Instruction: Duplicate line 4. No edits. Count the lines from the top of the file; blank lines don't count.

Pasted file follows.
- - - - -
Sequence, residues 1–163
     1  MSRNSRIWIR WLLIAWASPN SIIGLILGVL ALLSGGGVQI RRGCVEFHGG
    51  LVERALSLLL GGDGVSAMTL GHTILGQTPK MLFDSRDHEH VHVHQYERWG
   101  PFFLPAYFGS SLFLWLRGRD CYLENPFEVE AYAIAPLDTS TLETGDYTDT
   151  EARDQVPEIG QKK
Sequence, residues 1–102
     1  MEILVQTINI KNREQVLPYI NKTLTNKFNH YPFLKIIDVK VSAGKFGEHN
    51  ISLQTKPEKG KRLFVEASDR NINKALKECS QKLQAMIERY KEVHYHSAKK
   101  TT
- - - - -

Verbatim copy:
   101  PFFLPAYFGS SLFLWLRGRD CYLENPFEVE AYAIAPLDTS TLETGDYTDT